‘Kerplunk’d’ Green Day Play Career-Spanning Show at Webster Hall


A letter to a friend after seeing a show…

Dear Steve,
You’ve been gone now for twelve-and-a-half-years. Time has heeled some, but the mourning has never faded. When you lose someone so close, you’re never the same. Sure, life goes on but when a person dies, they take a huge piece of the person you once were. I can honestly say every single day since your passing, I say something that reminds me of you or see things that make me think of you. You’re everywhere even though it’s not in the physical realm. It can be a dream, in which I often see you, a meme posted on Facebook that I know you’d post on my wall, a movie I catch flipping channels that we saw together, and/or especially a song that comes on the radio. We went to so many concerts during our high school and college years. It seemed like we had one each week – sometimes two. I mean dude, we saw the Mighty, Mighty Bosstones when we only knew three of their songs!

Anyway, ‘90s alt-rock is the trigger for thoughts of you. We were so obsessed with it back in the day. Pearl Jam. Nirvana. Live. Whoever. Arguably, the biggest band who inspired us were Green Day. The Californians introduced punk to us and made us do some homework on The Ramones and other bands who came before them. The band arrived at a time we were more accustomed to grunge rock and plaid shirts. Sure Nevermind thrusted us into this alt-rock era, but I’d argue Dookie affected us more. The music was honest, different, and the music videos made us essentially worship fun frontman Billie Joe Armstrong. Each morning, when you picked me up to go to school (spoiler alert: I only went to Pace University really, because you were), it was that band playing when I entered your car. It was Dookie, and their two previous efforts Kerplunk! and 1,039/Smoothed Out Slappy Hours on repeat. Yeah, I think you played some Celine Dion and White Lion, too but it was fine.

We caught the Dookie tour twice in two months – maybe less – back in 1995. I had already purchased tickets to Z100’s Jingle Ball, which was quite an interesting show at Madison Square Garden, when we decided to see their headlining show at Nassau Coliseum. About the Z100 show, by the way, remember when it went alternative? A mainstream NYC station mixing Top 40 with emerging alt-rock? Unheard of now my friend. But, I’ll never forget hearing Bon Jovi one minute, Jewel the next, and Hole right after. The live show followed that eclectic blue print. Punkers Pansy Division began the night, and Bon Jovi ended it. In-between were Weezer, The Indigo Girls, Hole, Sheryl Crow, and Green Day. Of course, the latter stole the night. Armstrong decided to play the final couple of songs buck naked. The audience consisted of college kids and 14-year-old girls if I recall right. But, I’m jumping. Let’s get back to the first show we saw the band. We paid like $50 for them off a ticket service since the concert was sold out. I remember picking green hairspray with you in preparation for the concert. It was your idea. I loved that. The green out of a can never looks green, but we did it anyway.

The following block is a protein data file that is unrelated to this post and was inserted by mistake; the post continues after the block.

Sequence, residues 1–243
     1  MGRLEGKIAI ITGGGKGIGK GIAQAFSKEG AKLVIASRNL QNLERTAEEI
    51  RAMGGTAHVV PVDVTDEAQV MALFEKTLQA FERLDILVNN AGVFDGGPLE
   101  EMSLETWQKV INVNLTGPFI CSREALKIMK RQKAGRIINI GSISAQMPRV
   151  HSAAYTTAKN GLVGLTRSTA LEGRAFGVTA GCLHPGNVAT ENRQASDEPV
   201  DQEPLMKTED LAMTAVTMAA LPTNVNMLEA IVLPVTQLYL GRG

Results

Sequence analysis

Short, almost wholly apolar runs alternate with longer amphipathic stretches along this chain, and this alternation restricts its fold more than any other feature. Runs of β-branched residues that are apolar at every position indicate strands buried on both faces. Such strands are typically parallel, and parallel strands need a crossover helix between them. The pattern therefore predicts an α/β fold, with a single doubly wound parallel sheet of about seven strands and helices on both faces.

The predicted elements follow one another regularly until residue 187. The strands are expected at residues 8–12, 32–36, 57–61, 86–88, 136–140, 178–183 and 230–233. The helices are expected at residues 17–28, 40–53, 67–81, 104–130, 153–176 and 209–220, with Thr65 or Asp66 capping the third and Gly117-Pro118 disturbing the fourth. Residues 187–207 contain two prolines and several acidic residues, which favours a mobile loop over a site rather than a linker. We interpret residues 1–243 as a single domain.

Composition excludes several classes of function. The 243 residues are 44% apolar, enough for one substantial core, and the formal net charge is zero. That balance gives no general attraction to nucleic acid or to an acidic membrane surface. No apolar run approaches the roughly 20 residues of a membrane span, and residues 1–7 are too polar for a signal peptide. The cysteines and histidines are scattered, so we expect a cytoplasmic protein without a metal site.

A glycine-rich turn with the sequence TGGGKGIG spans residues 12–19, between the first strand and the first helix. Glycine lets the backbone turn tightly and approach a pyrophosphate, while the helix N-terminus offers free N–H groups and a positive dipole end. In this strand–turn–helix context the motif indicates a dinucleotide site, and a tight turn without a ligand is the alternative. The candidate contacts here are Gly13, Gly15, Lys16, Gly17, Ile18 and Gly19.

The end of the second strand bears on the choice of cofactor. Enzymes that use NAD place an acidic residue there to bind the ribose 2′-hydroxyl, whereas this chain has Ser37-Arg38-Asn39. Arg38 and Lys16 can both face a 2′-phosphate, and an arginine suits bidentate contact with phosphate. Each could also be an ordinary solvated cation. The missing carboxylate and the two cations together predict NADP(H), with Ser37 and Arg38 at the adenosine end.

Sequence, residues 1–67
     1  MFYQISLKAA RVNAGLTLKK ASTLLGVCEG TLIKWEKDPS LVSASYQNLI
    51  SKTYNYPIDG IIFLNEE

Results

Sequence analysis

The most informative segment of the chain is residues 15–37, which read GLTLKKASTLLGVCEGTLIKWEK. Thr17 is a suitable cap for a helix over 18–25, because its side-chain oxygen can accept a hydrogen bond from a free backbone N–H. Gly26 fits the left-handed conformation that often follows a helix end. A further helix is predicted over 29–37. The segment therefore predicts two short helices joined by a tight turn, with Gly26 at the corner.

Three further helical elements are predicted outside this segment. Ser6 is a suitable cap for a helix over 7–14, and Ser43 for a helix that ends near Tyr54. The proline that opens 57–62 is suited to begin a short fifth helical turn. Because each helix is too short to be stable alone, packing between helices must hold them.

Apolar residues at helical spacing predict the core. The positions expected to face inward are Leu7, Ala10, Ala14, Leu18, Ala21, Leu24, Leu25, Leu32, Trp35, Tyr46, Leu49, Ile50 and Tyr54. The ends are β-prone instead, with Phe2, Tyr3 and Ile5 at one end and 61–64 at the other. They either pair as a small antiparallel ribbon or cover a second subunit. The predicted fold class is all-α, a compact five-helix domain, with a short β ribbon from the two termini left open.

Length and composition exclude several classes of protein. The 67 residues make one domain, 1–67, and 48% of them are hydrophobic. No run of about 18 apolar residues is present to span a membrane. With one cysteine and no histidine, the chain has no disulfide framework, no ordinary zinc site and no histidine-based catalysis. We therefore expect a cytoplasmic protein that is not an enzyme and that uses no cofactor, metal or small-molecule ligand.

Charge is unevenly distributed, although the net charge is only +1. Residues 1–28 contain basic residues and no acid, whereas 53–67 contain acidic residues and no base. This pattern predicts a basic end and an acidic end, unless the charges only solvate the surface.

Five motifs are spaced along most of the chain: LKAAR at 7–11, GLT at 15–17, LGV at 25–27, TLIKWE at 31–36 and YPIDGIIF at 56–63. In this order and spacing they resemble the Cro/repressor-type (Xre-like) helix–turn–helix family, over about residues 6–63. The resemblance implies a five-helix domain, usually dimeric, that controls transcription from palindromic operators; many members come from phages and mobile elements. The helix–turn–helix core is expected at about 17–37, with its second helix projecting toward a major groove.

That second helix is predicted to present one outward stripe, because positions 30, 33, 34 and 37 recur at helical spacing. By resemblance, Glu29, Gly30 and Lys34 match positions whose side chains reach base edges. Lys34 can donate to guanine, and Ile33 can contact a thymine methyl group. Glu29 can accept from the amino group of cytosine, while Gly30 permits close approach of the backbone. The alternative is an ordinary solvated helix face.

I remember my parents dropped us off, and we went into the nearby Marriott bathroom to spray our heads. The smell was terrible. The look worse. You sprayed on way too much, and I remember how awkward it was for us to eat at a nice hotel restaurant before the show with our green heads. We looked like a bunch of freaks but didn’t care. The juxtaposition seems funny now. I think we were probably a bit embarrassed though. But, who cared.

Anyway, after eating green we went on a quest to find beer. We were both 19 at the time, and couldn’t tailgate. Lucky for you, Steve, you found a bunch of kids probably younger than us, and payed them five bucks for two beers. We chugged them, went to the show, bought merch (I still have the shirt by the way), and rocked out.

So, why do I bring up a story you already know?